Friday, March 15, 2019
Tim OBriens The Things They Carried Essay -- OBrient Things They Ca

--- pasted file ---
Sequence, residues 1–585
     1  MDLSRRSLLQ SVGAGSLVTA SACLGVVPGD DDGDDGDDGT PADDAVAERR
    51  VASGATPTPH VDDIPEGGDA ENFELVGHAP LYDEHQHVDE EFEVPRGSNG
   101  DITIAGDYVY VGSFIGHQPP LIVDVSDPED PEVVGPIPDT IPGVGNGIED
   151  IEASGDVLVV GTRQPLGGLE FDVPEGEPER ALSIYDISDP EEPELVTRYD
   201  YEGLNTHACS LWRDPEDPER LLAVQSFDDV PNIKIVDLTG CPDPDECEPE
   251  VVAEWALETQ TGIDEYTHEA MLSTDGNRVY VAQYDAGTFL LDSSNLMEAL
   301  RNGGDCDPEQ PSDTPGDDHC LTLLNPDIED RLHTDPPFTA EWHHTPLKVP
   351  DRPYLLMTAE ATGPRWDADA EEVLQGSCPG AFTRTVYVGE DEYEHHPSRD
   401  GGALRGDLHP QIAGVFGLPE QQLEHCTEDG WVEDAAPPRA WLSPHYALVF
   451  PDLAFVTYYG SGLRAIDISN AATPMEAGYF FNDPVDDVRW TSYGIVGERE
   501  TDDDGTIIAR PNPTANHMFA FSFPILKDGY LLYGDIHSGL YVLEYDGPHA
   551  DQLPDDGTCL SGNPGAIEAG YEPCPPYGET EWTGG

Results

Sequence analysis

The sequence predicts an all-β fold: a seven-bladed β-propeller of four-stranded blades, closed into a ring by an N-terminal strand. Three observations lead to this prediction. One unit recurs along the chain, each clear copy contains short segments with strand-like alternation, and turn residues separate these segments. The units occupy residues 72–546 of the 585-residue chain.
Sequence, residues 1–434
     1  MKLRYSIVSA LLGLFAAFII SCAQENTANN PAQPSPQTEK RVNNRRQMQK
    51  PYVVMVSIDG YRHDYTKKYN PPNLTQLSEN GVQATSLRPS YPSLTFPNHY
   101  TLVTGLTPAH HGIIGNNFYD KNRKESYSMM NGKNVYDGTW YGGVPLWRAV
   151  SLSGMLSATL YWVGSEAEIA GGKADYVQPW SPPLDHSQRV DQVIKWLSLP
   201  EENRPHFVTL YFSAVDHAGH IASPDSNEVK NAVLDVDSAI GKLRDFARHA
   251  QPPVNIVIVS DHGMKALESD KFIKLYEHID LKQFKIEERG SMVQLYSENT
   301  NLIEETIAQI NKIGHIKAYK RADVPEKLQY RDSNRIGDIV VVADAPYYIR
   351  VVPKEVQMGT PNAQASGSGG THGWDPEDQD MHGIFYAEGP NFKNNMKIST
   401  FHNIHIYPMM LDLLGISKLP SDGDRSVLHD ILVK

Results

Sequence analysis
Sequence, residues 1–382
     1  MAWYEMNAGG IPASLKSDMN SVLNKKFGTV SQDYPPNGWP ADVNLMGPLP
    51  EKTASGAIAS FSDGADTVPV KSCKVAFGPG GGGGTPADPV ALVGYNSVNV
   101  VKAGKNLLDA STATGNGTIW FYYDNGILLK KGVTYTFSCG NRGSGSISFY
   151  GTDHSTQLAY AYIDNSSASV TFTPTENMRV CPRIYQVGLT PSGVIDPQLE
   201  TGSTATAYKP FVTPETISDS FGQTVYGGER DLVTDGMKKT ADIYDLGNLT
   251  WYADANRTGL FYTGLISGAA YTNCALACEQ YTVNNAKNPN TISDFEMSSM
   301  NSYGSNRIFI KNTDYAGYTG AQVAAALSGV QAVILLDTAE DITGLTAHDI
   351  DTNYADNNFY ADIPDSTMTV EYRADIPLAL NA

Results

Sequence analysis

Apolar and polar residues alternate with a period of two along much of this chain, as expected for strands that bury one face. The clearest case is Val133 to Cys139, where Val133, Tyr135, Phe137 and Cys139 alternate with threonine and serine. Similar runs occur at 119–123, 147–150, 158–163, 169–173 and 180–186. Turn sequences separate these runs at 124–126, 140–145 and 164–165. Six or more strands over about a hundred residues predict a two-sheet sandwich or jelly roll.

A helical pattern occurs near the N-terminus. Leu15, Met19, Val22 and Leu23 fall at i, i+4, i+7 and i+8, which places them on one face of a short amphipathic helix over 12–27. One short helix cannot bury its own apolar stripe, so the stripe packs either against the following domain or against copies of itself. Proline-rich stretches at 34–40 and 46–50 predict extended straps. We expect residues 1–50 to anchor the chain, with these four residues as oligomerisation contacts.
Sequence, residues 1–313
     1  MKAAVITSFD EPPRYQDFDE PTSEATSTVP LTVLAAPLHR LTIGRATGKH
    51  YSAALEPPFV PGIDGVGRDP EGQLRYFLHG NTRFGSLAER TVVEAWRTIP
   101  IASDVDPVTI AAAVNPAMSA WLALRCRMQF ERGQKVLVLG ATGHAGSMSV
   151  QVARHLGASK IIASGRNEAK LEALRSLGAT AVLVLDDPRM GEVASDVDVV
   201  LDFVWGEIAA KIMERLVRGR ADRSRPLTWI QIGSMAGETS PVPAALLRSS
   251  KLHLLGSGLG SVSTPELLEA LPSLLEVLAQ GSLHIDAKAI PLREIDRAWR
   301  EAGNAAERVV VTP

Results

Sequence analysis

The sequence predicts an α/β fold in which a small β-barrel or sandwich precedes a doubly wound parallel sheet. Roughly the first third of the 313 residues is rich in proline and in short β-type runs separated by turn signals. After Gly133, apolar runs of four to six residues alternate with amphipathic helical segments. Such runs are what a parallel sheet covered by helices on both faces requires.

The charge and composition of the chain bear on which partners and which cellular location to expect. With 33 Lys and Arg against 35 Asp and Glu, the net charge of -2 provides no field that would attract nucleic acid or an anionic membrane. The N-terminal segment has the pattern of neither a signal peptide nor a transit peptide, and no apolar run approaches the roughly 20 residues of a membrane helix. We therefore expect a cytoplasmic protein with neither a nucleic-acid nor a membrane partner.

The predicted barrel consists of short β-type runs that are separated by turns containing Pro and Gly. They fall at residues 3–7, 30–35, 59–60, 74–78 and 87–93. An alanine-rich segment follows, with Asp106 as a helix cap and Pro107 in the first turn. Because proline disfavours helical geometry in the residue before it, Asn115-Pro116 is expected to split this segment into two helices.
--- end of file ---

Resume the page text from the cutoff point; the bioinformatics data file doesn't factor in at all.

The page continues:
Tim OBriens The Things They CarriedCulture teaches that men must dispense of ridiculous emotions and go along firm, following expected duties. OBrien develops this theme of the transition from youth to manhood in his short story, The Things They Carried. Through the protagonist Jimmy crisscross, metaphors of tilt, and futile ideas of freedom, OBrien reveals how society expects young men in transition to adulthood to allow go of impractical idealism and dwell instead on the brute(a) naturalism of the world. Initially, OBrien highlights Crosss thoughts of love and emotional feelings as he describes the experience of war. Cross constantly thinks about Martha and how much he loves her, and though he senses her uninvolvement, he remains in denial about the fact that Martha feels nothing for him. However, he grasps on to her as his only hope. She represents his connections to a normal life, the world where he can be an average 22 year old, not plagued by death and devastati on. OBrien exposes Crosses desires to be splendid and unscathed in his hopes that Martha is a virgin. Cross wishes to be untouched by war, destruction, bombs, fear, and the devastation of war, just like Martha. OBrien illustrates how overcome with emotion Cross is as he daydreams about her dense, crushing love. In addition to love, OBrien describes the tremendous mental burdens the men carry, but are not allowed to express. OBrien utilizes the metaphor of weight to emphasize the burdens on the boys. The narrator speaks of everything in weight as in the jungle boots2.1 pounds, steel helmets that weighed five pounds, and the letters weighed decennary ounces. This technique further stresses the mental envelopment of these boys in war because they a... ...aims thithers definitely a moral here and continues to bring up the subject throughout the story. OBrien highlights through Mitchell that the soldiers are only boys and utmost too young to be exposed to such violence. With the disp ensing of love and idealism, the reality of war settles into Crosss mind, forever changing his view the world. In his short story, The Things They Carried, Tim OBrien demonstrates the depressing change of a soldier from chimerical boy to impersonal man, adolescent to adult, and lover to leader. The terrible burdens pile so high on the young men that certainly they would never be at a loss for things to carry. The harsh reality of the world staggeringly affects Cross and forever changes him. Through this transition, OBrien reveals the strict and dismal standards which goal upholds for men to be firm and unwavering.